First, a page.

The hobby forms have been inbred, cross bred, and hybridized for years. It's best to keep these new imports separate from the hobby form, or we will end up with the same watered down version of albopilosum that we've had for years. If you see one on a dealers table, don't just assume its one of the Nicaraguan imports, ask the dealer where they came from. If he doean't know, don't buy it. I saw a dealer this weekend that had the imports on his table right next to hobby forms. They were all labeled "Brachypelam albopilosum". The reptile importers and dealers that are selling these could care less about keeping them pure, they are just in it to make a few bucks on the side.

Later, Tom
So then we seek out pictures of wild caught specimens or specimens from Honduras to compare to the Nicaraguan curly hair. Futhermore, Tom it is not only important that we keep them separate, but also look for other N.B.a that are not siblings as best we can to ensure no inbreeding. However, I still think a specific test to prove this once and for all would be beneficial although it will take quite some time to prove G-2 to other G-2 with no immediately known relations.
 

Exoskeleton Invertebrates

Arachnoprince
Old Timer
Joined
Jun 17, 2007
Messages
1,038
Tom speaks sense. That is all.
The other day I was thing about Stewart Longhorn on how great it would be to see all those Acanthoscurria species that you might of taken when you went on your trip. And here you are on this thread I would love to know or see if you have any additional info about the geniculata vs brocklehursti. If you do please go on my old thread and post here is the link http://arachnoboards.com/threads/the-two-versions-of-a-geniculata-and-a-brocklehursti.273521/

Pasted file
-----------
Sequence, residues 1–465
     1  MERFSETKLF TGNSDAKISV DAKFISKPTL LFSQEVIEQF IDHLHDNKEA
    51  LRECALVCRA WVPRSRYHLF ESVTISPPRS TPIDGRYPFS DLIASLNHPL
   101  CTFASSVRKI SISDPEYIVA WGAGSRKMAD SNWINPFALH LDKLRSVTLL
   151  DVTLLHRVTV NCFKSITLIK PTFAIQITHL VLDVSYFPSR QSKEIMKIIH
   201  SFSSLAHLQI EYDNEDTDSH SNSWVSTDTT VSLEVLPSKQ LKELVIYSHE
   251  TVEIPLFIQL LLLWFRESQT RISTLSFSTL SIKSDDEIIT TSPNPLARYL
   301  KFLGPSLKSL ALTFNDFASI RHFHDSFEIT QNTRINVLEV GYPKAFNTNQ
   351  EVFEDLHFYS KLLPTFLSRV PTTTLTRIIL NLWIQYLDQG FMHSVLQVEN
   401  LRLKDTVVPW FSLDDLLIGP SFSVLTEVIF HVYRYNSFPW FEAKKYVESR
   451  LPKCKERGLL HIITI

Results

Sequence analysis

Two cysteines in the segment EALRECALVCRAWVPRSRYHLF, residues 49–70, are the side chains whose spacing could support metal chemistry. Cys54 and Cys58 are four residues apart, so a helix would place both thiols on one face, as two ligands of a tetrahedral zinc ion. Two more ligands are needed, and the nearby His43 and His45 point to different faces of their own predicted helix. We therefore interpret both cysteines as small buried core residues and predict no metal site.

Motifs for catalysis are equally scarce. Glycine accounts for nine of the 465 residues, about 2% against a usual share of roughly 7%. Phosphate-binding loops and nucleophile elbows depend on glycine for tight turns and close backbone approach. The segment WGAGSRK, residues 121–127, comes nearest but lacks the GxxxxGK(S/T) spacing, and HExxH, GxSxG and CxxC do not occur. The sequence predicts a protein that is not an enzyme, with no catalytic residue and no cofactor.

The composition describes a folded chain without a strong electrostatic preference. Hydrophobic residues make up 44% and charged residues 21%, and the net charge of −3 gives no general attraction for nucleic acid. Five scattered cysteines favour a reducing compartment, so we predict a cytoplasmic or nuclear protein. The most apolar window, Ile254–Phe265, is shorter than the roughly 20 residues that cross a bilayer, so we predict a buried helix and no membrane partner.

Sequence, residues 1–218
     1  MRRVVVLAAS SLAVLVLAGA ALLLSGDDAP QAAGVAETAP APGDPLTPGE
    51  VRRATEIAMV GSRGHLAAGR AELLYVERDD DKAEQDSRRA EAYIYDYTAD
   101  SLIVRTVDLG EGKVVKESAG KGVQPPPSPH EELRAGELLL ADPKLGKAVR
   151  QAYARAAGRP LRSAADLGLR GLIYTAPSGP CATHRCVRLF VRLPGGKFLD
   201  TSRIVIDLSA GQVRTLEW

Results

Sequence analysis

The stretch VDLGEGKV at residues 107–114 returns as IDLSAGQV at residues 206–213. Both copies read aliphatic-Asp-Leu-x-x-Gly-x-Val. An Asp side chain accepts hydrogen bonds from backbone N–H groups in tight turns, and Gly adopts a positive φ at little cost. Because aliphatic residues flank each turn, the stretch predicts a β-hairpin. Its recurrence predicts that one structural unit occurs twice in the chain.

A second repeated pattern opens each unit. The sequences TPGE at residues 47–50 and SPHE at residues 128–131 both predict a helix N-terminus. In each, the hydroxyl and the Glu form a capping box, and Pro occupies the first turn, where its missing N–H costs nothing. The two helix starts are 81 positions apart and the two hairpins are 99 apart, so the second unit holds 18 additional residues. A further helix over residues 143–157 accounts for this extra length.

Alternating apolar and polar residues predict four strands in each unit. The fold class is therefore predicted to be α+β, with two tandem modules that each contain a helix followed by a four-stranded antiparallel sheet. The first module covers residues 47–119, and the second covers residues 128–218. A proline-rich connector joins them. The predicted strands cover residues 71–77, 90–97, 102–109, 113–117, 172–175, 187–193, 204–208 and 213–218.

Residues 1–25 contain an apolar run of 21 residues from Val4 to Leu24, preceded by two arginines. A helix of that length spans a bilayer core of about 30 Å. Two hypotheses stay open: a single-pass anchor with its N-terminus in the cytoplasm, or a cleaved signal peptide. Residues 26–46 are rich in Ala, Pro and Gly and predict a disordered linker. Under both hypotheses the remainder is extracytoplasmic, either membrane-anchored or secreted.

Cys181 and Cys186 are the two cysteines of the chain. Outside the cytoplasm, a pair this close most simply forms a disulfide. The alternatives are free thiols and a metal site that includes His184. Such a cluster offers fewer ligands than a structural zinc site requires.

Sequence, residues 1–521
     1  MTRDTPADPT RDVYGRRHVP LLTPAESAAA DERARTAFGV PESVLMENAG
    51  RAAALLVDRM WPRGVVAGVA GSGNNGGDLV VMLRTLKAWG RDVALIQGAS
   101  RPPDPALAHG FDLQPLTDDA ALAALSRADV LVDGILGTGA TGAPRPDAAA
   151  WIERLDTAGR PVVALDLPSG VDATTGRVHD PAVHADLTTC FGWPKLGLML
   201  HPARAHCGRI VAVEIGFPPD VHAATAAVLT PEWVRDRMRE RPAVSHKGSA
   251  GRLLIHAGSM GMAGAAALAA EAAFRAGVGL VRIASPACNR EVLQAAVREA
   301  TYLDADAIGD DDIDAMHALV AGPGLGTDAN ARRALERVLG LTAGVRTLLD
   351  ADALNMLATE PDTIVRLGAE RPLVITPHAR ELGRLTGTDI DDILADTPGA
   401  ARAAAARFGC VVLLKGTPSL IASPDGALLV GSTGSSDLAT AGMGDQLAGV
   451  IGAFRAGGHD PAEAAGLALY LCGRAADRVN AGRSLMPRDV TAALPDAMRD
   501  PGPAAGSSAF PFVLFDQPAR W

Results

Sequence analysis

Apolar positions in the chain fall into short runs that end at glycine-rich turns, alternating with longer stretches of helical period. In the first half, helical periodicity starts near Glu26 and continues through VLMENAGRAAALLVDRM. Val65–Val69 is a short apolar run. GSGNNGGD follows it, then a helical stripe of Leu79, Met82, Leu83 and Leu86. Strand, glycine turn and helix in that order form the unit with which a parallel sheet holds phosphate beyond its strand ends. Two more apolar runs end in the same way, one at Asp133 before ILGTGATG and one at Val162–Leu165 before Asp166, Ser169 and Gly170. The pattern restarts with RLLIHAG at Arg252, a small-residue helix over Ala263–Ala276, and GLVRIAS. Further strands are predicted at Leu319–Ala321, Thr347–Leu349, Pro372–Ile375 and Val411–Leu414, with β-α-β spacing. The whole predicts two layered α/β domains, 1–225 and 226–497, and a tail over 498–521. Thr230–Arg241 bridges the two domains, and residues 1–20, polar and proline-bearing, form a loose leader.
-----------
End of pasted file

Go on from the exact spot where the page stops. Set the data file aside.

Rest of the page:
Last edited:

Exoskeleton Invertebrates

Arachnoprince
Old Timer
Joined
Jun 17, 2007
Messages
1,038
I received my shipment today an hour ago, four came in on this order one mature male that looks fantastic and three adult females. And of course like any other wild caught specimens that I usually receive spiders are dehydrated. The mature male leg span is about 6" inches stretched out. Here are a few photos of them.




 

sdsnybny

Arachnogeek
Arachnosupporter
Joined
Apr 29, 2015
Messages
1,318
they are so fluffy compared to the hobby form. I remember mine from the early 80's its curly hair was so dense you could hardly see the leg.
Nice acquisitions Jose
 
Top